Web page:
“Veterinary emergency and critical care” is a phrase that is given to the areas of medicine that pertain to the care, response and management of life threatening and critical situations in animals. It is also one of the fastest growing specialties in veterinary medicine. It is most often lumped together as two specialties joined as one. Veterinary emergency and critical care focuses on the immediate needs of a severely ill and/or injured animal. The management of the critical medical and surgical patient, beyond the primary problem, is a responsibility of this specialty.
A wide spectrum of illnesses, injuries, and toxicities ranging from acute organ conditions to severe trauma, are experienced by animal patients. Veterinary emergency and critical care incorporates all organ systems and associated functions, anatomical structures, physiology, and pathophysiology. Core areas of emergency and critical care medicine include pain management, mechanical/positive pressure ventilation, transfusion medicine, coagulation disorders, fluid and colloidal therapy, CPR and cardio-respiratory disorders, sepsis and antimicrobial use, trauma management, and acute plant and chemical toxicities.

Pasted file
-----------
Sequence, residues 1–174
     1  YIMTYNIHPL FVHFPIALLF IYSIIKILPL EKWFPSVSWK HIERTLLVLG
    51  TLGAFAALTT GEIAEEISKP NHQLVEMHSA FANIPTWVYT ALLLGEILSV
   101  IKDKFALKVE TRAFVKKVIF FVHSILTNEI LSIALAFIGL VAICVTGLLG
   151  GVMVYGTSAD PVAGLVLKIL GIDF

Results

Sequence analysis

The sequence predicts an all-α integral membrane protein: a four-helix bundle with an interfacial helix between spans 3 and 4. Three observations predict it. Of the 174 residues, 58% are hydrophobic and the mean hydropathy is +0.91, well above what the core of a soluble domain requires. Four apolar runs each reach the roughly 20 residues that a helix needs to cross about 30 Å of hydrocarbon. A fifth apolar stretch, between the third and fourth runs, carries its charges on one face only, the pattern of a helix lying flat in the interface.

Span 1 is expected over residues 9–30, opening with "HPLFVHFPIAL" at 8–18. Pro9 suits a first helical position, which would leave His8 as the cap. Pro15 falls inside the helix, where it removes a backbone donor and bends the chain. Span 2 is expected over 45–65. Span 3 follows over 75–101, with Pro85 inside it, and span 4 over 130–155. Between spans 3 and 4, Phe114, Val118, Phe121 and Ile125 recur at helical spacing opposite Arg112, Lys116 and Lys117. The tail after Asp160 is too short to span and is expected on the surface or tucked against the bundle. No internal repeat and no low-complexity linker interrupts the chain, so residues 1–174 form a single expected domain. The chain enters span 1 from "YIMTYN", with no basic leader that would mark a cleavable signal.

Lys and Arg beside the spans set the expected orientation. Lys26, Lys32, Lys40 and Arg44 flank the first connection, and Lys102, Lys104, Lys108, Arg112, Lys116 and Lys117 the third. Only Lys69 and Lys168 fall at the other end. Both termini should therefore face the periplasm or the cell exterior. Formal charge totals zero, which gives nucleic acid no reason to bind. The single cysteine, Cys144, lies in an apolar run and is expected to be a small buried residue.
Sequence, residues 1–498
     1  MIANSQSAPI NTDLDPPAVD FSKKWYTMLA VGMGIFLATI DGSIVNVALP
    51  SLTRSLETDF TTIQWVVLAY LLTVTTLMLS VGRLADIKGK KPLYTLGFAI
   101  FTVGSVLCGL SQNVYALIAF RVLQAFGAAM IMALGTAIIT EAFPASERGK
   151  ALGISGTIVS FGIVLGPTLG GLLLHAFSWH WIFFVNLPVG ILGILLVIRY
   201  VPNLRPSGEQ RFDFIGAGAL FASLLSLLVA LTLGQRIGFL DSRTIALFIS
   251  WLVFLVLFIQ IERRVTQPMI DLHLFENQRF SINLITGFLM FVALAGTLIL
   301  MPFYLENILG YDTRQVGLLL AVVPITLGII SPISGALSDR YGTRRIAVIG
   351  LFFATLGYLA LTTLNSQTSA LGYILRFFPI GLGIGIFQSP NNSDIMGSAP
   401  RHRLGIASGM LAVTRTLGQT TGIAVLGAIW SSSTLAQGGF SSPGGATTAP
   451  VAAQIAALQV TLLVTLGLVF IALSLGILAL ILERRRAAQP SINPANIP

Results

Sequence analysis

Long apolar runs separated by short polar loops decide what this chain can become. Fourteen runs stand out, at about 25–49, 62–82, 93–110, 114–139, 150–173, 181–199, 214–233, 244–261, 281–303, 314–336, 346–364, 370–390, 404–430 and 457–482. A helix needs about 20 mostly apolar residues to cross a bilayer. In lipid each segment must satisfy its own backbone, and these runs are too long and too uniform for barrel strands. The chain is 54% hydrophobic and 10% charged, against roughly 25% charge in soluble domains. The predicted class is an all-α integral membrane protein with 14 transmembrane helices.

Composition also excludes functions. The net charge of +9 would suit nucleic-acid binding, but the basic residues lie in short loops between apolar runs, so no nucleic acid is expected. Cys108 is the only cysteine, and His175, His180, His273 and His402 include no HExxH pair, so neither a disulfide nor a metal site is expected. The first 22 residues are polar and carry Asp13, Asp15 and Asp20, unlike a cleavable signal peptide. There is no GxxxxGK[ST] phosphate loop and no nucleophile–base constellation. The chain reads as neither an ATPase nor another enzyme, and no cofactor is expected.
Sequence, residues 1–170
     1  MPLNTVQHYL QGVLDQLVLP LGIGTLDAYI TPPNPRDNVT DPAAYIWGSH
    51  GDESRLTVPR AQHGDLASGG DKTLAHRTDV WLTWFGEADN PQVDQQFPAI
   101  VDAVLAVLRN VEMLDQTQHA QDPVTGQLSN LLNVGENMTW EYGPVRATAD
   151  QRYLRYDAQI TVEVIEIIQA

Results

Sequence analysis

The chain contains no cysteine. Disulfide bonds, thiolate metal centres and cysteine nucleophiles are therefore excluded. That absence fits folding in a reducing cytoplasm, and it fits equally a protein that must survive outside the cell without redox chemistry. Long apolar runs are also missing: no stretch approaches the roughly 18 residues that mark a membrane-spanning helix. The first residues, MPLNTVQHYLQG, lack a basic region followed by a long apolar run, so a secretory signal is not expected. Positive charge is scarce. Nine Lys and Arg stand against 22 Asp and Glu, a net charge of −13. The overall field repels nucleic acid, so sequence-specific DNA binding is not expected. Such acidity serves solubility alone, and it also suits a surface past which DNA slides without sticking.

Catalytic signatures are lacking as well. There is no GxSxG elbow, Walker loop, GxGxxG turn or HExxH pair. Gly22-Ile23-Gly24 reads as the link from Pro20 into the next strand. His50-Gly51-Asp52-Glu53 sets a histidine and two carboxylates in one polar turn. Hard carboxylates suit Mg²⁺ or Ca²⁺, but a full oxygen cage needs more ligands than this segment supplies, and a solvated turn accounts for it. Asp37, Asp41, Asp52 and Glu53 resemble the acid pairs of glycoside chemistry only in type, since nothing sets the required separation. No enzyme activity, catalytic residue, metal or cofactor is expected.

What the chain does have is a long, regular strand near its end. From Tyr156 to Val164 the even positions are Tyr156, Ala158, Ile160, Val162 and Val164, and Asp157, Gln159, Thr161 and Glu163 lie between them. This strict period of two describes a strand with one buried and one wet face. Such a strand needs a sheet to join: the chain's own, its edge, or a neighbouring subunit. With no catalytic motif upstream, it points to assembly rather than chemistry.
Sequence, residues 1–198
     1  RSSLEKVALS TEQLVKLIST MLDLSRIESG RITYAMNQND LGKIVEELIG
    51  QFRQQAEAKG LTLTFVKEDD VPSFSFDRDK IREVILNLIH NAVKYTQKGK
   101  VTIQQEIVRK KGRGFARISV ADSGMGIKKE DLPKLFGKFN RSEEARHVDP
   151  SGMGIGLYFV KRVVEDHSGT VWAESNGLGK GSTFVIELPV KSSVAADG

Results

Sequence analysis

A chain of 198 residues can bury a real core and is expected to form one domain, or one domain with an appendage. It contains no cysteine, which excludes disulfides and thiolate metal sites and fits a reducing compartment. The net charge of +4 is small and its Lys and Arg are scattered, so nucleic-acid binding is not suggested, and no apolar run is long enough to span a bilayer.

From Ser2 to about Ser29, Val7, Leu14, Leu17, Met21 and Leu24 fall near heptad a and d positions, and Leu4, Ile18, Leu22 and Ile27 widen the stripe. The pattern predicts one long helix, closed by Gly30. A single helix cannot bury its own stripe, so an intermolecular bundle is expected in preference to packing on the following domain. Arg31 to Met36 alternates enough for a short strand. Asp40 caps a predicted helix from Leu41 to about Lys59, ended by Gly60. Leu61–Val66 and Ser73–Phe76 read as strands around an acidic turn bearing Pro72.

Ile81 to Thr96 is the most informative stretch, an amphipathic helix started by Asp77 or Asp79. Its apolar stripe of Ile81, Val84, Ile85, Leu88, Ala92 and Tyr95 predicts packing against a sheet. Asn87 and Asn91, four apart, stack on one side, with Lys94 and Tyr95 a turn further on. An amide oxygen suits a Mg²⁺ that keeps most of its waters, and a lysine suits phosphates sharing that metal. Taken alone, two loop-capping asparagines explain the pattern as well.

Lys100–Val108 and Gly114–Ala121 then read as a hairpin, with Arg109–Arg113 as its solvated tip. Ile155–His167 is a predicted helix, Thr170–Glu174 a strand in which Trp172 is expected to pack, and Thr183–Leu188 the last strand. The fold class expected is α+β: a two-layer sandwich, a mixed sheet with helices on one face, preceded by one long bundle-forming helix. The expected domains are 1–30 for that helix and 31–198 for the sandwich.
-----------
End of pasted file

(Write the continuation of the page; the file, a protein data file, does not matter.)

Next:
Large 24 hour emergency practices are not the only ones that need to be well versed on how to manage life threatening emergencies. General practices also need to know what to do if an emergency patient comes through the door. A practice may only see a cardiac arrest once in a great while, but the entire staff needs to know what to do when it does.